All work and no play makes Jack and dull boy.

Category: Film and media (Page 1 of 11)

Late Night Creative.

An interesting day today – well, yesterday actually given that it’s now ten past one in the morning and I find myself typing an entry to a blog that, like my script writing, has suffered from some serious creative drought in the past few months.
Creative droughts like these are not good. I think I exhausted my ability to write and think coherently in the late winter and early Spring working on the early draft of “How To Fly A Kite” (final draft still a work in progress, and to be fair, on hold for the moment).
Even though “In England” is a totally different style and tone and subject to “HTFAK” (work out your own amusing definitions for that acronym – I’ve managed “How To Fuck A Koala” and “Happy Times, Farts and Karts”) it’s still fallen victim to my inability to string scenes together into a meaningful narrative. Part of the difficulty is that the film is a multi-layered story with several characters having lives of great import and meaning and depth away from the main plot. Working these out and trying to weave the strands together has been… well, a bastard.
But having said that I’ve been struck by a sledgehammer of artistic and creative frenzy today. Perhaps it’s the looming shadow of my producer the mighty Rob Yeomans hanging over me and wanting something – anything – to plan a budget from. Perhaps it’s the fact that I have some copy-writing blogs to write – you know, the actual PAID WORK bit to life – for midday tomorrow.
Whatever it is it’s given me a break in the story, particularly with a character who was a supporting character but now looks like becoming the main man. I’ve also had a insight into an idea for a short, maybe after “In England” is done. Something a bit different, esoteric and hugely personal.
Where the hell does the rain come from after months of drought?

creating, connecting, composing

Special event for film makers, digital artists and composers

Showroom Cinema 5, Sheffield.
Ever wanted to write music for film? Ever wanted brand new music for your film? This is the event for you. At Showroom 5 you will have the opportunity to share your work and talk to film makers and composers, exchange ideas and make contacts that lead to creative outputs.
13:30 Registration
14:00 Free drink and biscuits
14:30 Guest speakers (Heather Fenoughty: http://www.heather-fenoughty.com/)
15:00 Open Communication
16:00 Screenings and listenings
16:40 Coffee
Important links:
South Yorkshire Filmmakers Network (syfn.org)
For more details see http://www.shef.ac.uk/usss
Register free by emailing rob@syfn.org 
Call the SYFN on 0114 276 2400 or Adrian Moore on 0114 222 0486 for more information. 

And we're off!

Goodbye Ruby Tuesday

After months of working on ideas for this feature film I’ve finally found the time this week to set things in motion. We’re looking for an experienced producer for our film, someone who can bring the right degree of fund raising capability, contacts and management skills to our low budget indie feature.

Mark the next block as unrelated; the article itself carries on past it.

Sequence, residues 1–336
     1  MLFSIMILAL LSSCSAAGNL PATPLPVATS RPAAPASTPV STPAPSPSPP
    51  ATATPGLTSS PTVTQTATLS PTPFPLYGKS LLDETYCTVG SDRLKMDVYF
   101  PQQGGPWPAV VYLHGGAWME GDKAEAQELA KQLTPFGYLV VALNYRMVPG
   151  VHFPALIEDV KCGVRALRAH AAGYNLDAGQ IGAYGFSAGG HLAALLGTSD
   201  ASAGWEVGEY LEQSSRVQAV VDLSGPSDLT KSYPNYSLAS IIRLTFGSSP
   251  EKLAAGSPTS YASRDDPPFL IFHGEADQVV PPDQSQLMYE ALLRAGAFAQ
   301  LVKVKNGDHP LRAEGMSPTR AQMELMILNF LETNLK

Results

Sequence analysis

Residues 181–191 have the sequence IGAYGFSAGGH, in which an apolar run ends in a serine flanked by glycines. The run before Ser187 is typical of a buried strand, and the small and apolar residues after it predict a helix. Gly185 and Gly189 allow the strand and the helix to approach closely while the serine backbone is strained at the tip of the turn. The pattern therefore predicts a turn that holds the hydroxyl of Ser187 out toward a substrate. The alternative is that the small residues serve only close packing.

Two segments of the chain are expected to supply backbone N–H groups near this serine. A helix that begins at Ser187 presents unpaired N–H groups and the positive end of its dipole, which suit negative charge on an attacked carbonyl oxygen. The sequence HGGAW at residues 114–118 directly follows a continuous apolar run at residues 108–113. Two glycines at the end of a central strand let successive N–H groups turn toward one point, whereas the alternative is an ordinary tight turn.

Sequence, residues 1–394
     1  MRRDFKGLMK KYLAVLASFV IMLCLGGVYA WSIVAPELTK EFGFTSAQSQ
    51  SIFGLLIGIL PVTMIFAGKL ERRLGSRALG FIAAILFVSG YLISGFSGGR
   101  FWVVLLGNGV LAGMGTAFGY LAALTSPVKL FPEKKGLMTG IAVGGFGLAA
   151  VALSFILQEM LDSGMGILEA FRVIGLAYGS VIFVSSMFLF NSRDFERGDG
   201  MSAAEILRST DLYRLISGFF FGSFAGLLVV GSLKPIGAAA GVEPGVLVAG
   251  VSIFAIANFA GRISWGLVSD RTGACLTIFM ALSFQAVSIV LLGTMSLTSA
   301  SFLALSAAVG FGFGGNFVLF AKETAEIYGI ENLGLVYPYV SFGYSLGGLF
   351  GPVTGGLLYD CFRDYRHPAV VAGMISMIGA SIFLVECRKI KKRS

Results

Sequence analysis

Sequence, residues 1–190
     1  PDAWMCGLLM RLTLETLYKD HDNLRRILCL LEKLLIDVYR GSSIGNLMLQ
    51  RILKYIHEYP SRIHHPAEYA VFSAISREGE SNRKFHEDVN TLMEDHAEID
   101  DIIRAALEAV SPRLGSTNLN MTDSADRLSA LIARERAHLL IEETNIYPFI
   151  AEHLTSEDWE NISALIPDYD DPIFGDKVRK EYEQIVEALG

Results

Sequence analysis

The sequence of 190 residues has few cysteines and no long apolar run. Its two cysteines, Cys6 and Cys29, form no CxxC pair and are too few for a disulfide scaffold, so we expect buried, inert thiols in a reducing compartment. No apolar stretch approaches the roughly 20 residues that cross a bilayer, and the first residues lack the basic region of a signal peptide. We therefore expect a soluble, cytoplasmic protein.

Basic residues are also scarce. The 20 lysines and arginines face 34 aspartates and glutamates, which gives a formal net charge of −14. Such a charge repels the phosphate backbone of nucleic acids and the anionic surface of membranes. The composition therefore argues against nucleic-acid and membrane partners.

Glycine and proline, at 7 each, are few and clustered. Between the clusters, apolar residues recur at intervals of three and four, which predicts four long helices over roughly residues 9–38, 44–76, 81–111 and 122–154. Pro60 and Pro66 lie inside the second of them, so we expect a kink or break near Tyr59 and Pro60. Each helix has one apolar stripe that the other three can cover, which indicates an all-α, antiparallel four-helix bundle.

“Goodbye Ruby Tuesday” is the story of a young boy’s struggle with life, loss and his search for hope and acceptance. I’ve been talking to two actresses about this script for some time now. Mhairi Calvey, who played Ruth in my own short film “Land of Dreams” and who has just finished work on Pete Goddard’s feature “Any Minute Now”, has been lined up in the title role for some time and has been a great asset in developing her character. She’s become a really good friend too and we’re both enthusiastic to work together on this this summer. We’ll be doing the SlamDunk Cinema Show on January 28th to begin promotion of this film too.
Another actress I’ve been speaking to is Sarah Allen. Currently a student at UCLAN studying drama I got talking to Sarah at the end of last summer. She showed an immense enthusiasm for the story and has demonstrate a capability and commitment that has won her a key role in the film.
I’m hoping to audition for the lead role of 16 year old  Kasper in the next few weeks, as well as prepare some video diaries and stuff to promote the fund raising and general publicity for the film. With any luck I should have a producer by then who can take that stuff off my hands!

Death and All His Friends

Blimey, what a year 2011 was. We lost Tracey’s dad to cancer in April. We lost Grandad Fred’s companion Joan in August. We lost my Aunt Wil in September (cancer again) and Tracey’s Uncle Ian in November.
I was looking forwards to the New Year when word got to me via the social network that an old friend of mine, Trevor Hinchcliffe, had also joined the ranks of those who left us in 2011. Although I’ve not seen Trevor since I was at school myself – some 20 years ago, near enough – I do have some very distinctive memories of growing up together, mostly from our time in the same class at Bramley Sunnyside Junior School. In fact, I’m just remembering a photograph I have somewhere, probably at my parents house now, of Trev when we went to Habershon House at Filey in the junior school. We were 11 years old and the picture shows Trev and Steve Denton holding a dead fsh they found on the beach at Scarborough. Things you do as kids! Will have to see if that picture is still around somewhere.
He was a good lad, and I hear he was a good man too. Rest in peace, old friend.
In fact, rest in peace all of those whole left us last year.

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